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I am trying to make a kicker solenoid. My circuit is:

  • 12 V battery connected to DC step-up booster 300 V

  • diode A10A. The diode is rated for 10 A and 1000 V.

  • thyristor BTW69-1200 with external circuit (battery 1.5 V - resistor 1/4 W, 39 Ω). The thyristor is rated for 50A and 1200 V.

  • capacitor 1000 μF - 450 V

  • solenoid coil (3.6 Ω)

enter image description here

Since the capacitor will send about 60 A I thought the diode would burn out when tested, but surprisingly, it did not.

How it did not burn out while the current is 60A and this diode is rated for 10 A?

Is the back EMF current low and does it not follow Ohm's law?

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    \$\begingroup\$ What is the DC resistance of the solenoid and what is the ESR of the 1000 uF capacitor. Both will determine what the peak current seen by the diode is. What is the inductance of the solenoid and how long is the thyristor activated for. These will also dictate the forward flowing current. You calculate 60 amps; I'm not convinced (yet). \$\endgroup\$
    – Andy aka
    Commented Nov 27, 2022 at 21:04
  • \$\begingroup\$ @Andyaka The dc resistance of coil is 3.6 ohm, unfortunately the datasheet of capacitor is not existed so can not determine its ESR, but i stimulated the circuit here and it is around 60A circuitlab.com/editor/#?id=j7847thgtv42 \$\endgroup\$
    – Tito
    Commented Nov 27, 2022 at 21:37
  • \$\begingroup\$ If you didn’t simulate the ESR and the inductance then it’s unlikely your 60 amp figure is reliable. \$\endgroup\$
    – Andy aka
    Commented Nov 27, 2022 at 21:58
  • \$\begingroup\$ see my answer; I think you'll realize that the diode current will be about 1 amp maximum. \$\endgroup\$
    – Andy aka
    Commented Nov 28, 2022 at 10:53

2 Answers 2

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Your diode is rated for 10 A average, but its peak surge current rating is for 600 A. That means that for a very brief surge of current, like the freewheeling diode sees here, it's fine with currents of as much as six hundred amps, just as long as they're not too long (where "too long" is defined by the datasheet).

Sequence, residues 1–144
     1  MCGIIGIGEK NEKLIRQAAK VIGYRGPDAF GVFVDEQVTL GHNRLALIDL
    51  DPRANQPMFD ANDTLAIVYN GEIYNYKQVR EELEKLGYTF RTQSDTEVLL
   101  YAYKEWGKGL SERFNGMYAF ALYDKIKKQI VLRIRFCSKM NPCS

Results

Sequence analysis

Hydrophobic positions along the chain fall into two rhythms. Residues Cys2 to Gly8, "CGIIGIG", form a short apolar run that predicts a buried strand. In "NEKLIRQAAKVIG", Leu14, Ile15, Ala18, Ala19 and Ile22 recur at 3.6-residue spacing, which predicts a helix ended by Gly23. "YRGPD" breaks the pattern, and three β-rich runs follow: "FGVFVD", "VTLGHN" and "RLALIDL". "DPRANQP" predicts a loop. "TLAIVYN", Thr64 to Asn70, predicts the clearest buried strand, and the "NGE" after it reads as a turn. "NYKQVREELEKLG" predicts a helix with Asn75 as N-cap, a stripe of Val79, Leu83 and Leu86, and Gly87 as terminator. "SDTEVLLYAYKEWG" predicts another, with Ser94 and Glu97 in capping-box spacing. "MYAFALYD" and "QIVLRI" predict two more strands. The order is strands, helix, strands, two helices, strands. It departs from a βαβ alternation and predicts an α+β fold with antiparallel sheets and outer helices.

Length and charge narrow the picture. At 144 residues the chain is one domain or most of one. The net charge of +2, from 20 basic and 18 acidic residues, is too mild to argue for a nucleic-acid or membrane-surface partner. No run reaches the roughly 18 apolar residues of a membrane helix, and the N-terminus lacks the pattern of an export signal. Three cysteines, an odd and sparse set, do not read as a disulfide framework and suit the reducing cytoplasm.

The length of the pulse that the freewheeling diode sees is related to the diode's forward voltage and the inductance of the solenoid coil (which we can't know since you just gave a resistance). It's probably less energy than the 16.7 ms half-sine specified in the datasheet, however. If needed, you can artificially increase the diode's forward voltage by putting a resistor in series with it, or an anti-series zener; both are common.

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  • \$\begingroup\$ the time of pulse is about 12 ms, thanks hearth i got that \$\endgroup\$
    – Tito
    Commented Nov 27, 2022 at 21:39
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How it did not burnt out while the current is 60A and this diode rated for 10A

Once activated, the thyristor/SCR will only deactivate when the holding current reduces to about an amp hence, when it commutates off, the peak current seen by the reverse diode will be about 1 amp. This current then flows into the diode so, it won't even see a peak current of 10 amps let alone 60 amps.

enter image description here

This is how thyristors/SCRs work even though it might be tempting to believe it switches to an open circuit when the switch opens. It doesn't!

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    \$\begingroup\$ Oh dammit, you're right! I completely missed that they were using a thyristor. \$\endgroup\$
    – Hearth
    Commented Nov 27, 2022 at 23:58

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